Friday, February 12, 2010

When good bread goes bad...

the birds get breakfast!

One of the habits I've tried to cultivate in the new year is making bread on a regular basis. It's just too difficult to buy good bread and too easy to make it to do otherwise, and over several weeks I've made round loaves of honey wheat and of rye, braids of challah, nubby pumpkin rolls, a quickish brioche.

And yet...there are days when it just doesn't work out--the yeast is expired, you look at the wrong recipe and add too much water, the water's too hot or too cold, ten minutes of kneading results in nothing but sore fingers.

The loaf of Yellow and Red and White Bread I made the week before the storm was a sorry loaf, the crust like a helmet, the inside dense. It was edible, but just. And then the snow came, and with it, birds looking for food. I rummaged through cupboards and threw them stale nuts and olive green pumpkinseeds before remembering the sorry loaf. The birds, of course, were less picky than I.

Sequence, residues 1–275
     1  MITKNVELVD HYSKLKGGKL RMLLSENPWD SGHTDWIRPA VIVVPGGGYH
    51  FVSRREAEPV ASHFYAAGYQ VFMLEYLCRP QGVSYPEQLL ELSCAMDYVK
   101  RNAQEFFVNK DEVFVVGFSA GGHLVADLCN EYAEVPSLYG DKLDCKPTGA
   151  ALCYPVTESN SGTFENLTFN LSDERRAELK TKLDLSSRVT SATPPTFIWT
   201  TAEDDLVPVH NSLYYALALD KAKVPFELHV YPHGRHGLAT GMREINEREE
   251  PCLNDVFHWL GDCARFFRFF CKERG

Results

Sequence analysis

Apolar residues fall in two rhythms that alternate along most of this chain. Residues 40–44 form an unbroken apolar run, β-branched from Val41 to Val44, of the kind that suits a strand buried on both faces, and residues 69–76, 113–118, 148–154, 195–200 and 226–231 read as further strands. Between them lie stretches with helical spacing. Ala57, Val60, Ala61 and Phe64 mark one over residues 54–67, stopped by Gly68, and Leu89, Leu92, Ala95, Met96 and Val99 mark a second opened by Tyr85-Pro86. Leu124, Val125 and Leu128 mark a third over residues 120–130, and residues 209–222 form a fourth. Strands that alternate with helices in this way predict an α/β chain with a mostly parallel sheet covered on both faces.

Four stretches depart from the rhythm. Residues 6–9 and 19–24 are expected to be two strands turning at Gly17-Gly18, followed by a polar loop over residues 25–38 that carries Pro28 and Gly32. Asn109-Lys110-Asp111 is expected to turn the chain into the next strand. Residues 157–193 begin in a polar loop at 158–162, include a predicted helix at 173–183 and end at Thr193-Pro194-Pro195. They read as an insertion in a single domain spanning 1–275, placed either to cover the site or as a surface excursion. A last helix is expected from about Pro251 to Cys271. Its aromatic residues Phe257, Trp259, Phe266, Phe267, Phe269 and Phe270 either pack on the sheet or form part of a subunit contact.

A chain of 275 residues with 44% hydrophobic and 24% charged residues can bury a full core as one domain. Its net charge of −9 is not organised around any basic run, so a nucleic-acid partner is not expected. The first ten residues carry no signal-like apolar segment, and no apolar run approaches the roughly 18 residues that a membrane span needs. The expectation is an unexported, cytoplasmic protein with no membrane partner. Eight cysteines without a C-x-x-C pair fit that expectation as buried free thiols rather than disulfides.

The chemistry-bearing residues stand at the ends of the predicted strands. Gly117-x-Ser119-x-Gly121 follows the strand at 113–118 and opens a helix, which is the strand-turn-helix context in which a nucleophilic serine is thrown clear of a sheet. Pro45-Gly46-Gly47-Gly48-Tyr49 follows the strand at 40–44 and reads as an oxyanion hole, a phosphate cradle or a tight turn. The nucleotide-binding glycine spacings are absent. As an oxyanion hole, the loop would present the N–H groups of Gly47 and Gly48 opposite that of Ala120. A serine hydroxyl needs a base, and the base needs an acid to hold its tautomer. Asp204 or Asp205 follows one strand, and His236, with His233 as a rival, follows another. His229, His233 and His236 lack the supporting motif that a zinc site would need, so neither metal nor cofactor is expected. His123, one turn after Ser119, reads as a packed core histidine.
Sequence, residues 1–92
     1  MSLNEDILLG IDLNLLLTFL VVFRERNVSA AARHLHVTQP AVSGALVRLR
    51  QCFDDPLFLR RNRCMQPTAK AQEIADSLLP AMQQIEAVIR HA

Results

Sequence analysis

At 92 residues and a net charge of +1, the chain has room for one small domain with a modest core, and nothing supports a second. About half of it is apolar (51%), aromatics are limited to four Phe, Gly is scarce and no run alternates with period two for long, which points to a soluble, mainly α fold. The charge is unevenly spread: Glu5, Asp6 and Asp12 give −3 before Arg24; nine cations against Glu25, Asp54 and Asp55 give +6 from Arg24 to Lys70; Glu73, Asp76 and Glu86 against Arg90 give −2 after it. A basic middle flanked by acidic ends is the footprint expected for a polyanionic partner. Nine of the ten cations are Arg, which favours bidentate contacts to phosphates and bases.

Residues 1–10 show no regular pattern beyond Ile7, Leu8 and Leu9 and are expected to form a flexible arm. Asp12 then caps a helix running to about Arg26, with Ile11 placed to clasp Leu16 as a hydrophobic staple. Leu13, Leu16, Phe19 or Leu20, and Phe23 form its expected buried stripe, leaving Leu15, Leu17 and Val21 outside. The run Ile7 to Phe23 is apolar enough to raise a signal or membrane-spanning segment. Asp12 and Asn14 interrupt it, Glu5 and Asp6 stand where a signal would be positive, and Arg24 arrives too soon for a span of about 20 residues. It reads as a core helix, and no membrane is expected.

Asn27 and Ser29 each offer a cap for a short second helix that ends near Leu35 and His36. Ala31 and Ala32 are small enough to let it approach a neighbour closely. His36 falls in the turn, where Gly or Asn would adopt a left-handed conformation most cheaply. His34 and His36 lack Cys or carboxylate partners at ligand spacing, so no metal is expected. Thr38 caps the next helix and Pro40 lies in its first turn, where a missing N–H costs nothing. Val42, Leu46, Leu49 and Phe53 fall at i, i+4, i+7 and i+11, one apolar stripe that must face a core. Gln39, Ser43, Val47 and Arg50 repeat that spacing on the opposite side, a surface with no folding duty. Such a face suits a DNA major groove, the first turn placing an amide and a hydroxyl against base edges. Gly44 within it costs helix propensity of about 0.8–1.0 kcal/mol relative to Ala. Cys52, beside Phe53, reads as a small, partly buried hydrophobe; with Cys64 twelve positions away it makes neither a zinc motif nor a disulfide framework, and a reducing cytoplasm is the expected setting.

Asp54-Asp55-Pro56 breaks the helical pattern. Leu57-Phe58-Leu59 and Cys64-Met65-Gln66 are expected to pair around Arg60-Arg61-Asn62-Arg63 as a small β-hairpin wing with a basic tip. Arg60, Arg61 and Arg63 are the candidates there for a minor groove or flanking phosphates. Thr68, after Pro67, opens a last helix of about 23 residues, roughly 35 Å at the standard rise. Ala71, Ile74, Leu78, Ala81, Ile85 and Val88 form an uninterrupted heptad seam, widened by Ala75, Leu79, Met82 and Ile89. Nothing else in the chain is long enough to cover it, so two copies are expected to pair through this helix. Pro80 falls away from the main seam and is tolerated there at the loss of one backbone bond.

My grandfather used to buy soft loaves of white sandwich bread in red and white plastic bags from Mars grocery store. It was his "bread for the birds" and it sat atop my grandparents' icebox before Grandpop tore it up into shreds and scattered it under the giant holly tree. Grandpop was dilligent about feeding his birds, and stocked up during snowstorms, in the same way other folks hoard milk and toilet paper. It took me a very long time to realize that the bread wasn't marketed exclusively as bird food.

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